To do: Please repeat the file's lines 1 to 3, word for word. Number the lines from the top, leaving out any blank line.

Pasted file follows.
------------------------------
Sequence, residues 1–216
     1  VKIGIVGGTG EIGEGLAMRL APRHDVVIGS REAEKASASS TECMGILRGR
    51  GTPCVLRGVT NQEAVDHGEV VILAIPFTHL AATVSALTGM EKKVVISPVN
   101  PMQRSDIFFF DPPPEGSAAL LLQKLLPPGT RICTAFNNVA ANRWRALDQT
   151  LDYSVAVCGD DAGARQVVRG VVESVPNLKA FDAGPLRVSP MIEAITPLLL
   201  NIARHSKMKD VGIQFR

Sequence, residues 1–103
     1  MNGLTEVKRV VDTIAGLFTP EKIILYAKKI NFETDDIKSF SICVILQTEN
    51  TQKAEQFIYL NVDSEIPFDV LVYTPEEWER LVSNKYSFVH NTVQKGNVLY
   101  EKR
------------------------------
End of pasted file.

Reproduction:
Sequence, residues 1–216
     1  VKIGIVGGTG EIGEGLAMRL APRHDVVIGS REAEKASASS TECMGILRGR
    51  GTPCVLRGVT NQEAVDHGEV VILAIPFTHL AATVSALTGM EKKVVISPVN